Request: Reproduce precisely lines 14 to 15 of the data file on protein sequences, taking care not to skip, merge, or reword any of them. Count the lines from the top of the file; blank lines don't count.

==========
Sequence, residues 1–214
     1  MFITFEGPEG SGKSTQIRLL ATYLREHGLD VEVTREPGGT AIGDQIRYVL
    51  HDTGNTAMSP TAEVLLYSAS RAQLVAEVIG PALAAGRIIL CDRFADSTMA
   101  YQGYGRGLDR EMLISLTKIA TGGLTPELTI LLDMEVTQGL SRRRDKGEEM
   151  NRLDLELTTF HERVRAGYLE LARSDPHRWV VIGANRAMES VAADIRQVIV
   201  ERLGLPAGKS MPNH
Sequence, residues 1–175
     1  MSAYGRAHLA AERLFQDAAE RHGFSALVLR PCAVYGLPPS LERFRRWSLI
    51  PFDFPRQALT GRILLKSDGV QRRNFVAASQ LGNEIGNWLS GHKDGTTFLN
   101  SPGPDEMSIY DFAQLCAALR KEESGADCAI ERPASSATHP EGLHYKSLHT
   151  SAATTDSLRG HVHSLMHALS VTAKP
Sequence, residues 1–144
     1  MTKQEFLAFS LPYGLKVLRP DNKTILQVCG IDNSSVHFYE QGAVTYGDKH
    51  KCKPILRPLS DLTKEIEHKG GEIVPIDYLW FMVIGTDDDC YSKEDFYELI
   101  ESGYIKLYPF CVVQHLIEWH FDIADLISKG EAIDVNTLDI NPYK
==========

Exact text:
    51  KCKPILRPLS DLTKEIEHKG GEIVPIDYLW FMVIGTDDDC YSKEDFYELI
   101  ESGYIKLYPF CVVQHLIEWH FDIADLISKG EAIDVNTLDI NPYK